Although Rudy passes the Tennessee bar exam, he has never argued a case before a judge and jury. He finds himself up against a group of experienced and devious lawyers from a large firm that is headed by Leo F. Drummond (Jon Voight), a showman attorney who uses unscrupulous tactics to win his cases.

The original judge assigned to the case, Harvey Hale (Dean Stockwell), is set to dismiss it because he sees it as one of many so-called "lottery" cases that slow the judicial process. But after Hale suffers a fatal heart attack, a far more sympathetic judge, Tyrone Kipler (Danny Glover), takes over the case. Kipler, a former civil rights attorney, immediately denies the insurance company's petition for dismissal.

While preparing his case, Rudy gets to know a young woman whom he met at the hospital, Kelly Riker (Claire Danes), a battered wife whose husband, Cliff (Andrew Shue), has beaten her so savagely with a baseball bat that she must be hospitalized. After a particularly violent attack, Rudy persuades Kelly, to whom he is attracted, to file for divorce.

Going to Kelly's home to pack her belongings, Rudy and Kelly are violently confronted by a bat-wielding Cliff. After Cliff injures Rudy then pulls a gun on him, Rudy grabs the bat and incapacitates him. Kelly insists Rudy leave, then finishes Cliff with the baseball bat. To prevent Rudy from being implicated, Kelly tells the police she was alone and killed her husband in self-defense. Rudy promises to defend Kelly if the case goes to trial, but the district attorney declines to prosecute, knowing Kelly would never be convicted.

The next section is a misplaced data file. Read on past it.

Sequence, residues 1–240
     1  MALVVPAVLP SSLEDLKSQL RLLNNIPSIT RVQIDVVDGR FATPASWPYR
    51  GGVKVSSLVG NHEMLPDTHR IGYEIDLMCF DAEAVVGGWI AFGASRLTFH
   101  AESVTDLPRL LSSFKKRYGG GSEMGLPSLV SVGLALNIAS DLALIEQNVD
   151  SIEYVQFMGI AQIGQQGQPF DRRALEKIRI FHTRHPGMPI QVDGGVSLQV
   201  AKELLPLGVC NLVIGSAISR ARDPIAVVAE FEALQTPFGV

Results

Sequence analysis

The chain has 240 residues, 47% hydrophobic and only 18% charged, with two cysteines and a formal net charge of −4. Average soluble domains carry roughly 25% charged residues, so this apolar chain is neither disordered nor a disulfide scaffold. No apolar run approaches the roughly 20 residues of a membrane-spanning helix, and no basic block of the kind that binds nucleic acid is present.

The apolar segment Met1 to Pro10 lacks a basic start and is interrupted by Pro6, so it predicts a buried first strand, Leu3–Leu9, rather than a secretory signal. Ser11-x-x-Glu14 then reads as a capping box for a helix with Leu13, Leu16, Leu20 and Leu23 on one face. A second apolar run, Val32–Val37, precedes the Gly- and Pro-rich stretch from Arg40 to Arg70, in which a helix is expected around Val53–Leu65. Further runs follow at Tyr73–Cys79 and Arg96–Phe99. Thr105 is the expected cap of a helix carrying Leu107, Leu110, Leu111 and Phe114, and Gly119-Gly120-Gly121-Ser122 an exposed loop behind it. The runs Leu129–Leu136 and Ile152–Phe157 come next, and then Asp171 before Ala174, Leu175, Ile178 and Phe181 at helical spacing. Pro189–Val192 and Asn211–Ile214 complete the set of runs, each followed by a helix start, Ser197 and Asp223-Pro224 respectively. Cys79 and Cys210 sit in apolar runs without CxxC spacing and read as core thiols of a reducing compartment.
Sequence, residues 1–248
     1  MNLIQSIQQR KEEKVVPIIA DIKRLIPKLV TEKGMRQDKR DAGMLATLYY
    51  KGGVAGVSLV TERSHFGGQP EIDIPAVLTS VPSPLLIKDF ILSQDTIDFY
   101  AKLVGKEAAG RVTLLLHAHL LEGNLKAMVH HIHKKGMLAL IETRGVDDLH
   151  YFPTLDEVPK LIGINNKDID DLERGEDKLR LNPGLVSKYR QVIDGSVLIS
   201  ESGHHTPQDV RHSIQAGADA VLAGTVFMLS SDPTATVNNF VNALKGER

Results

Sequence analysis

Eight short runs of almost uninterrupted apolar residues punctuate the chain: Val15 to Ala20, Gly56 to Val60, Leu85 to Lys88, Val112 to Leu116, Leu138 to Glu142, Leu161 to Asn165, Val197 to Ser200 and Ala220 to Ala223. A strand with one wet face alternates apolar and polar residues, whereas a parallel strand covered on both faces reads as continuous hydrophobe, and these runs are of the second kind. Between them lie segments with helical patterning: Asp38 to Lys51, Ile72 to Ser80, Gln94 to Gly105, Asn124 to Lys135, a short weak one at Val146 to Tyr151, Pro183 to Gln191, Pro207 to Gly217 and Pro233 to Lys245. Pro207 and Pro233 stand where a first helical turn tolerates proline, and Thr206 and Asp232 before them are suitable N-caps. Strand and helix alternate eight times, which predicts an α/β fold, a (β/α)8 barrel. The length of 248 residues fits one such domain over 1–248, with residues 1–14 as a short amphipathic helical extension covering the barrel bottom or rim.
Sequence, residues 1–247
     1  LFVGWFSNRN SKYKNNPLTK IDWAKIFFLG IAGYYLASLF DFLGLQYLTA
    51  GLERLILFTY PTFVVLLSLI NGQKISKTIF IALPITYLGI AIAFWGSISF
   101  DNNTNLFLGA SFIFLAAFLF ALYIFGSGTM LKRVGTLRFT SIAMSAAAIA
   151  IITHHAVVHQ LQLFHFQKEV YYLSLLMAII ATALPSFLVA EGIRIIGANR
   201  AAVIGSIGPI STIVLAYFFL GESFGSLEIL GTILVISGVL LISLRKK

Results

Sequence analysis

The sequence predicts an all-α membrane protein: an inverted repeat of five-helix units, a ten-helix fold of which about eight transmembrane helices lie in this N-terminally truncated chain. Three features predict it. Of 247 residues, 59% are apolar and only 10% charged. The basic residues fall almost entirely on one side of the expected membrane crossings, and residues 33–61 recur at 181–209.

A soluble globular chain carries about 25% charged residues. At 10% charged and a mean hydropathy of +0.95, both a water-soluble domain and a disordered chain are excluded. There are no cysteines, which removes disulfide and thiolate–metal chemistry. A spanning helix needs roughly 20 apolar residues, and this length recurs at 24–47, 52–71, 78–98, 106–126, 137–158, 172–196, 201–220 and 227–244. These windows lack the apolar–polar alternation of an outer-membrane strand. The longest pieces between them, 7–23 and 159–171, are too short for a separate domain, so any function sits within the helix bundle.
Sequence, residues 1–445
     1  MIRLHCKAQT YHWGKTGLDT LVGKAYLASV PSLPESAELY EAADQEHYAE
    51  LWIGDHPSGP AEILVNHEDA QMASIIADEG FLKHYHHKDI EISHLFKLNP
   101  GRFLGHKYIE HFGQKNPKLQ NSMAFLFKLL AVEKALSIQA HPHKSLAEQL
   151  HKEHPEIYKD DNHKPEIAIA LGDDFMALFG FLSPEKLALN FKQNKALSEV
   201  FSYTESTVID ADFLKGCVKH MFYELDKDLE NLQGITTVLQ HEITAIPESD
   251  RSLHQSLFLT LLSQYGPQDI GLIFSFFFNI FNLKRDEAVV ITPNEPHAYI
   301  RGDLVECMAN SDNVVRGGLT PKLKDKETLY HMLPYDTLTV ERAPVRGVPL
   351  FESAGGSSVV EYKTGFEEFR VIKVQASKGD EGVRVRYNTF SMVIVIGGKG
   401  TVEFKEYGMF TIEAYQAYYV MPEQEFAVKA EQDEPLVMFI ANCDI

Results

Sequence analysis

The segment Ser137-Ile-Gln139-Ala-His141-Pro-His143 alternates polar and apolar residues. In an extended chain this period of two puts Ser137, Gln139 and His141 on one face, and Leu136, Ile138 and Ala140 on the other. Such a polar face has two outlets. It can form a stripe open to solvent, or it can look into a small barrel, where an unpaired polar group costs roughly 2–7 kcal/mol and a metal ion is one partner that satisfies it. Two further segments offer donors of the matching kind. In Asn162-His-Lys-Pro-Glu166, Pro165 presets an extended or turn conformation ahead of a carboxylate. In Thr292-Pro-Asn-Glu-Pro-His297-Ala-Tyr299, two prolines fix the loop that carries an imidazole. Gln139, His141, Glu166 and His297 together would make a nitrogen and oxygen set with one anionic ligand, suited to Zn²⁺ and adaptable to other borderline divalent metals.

Donny Ray dies, but not before giving a video deposition. The case goes to trial, where Drummond capitalizes on Rudy's inexperience. He gets vital testimony by Rudy's key witness, former Great Benefit employee Jackie Lemanczyk (Virginia Madsen), stricken from the record, and attempts to discredit Donny Ray's mother (Mary Kay Place). Due to Rudy's single-minded determination and skillful cross-examination of Great Benefit's unctuous president Wilfred Keeley (Roy Scheider), the jury finds for the plaintiff with a monetary award far exceeding all expectations.

It is a great triumph for Rudy and Deck, at least until Keeley attempts to flee the country and Great Benefit declares itself bankrupt, making it unable to pay the Blacks or any other claimant. Despite no payout for the grieving parents, nor fees for Rudy or Deck, Dot Black is relieved that Great Benefit is out of business and unable to hurt other families like hers.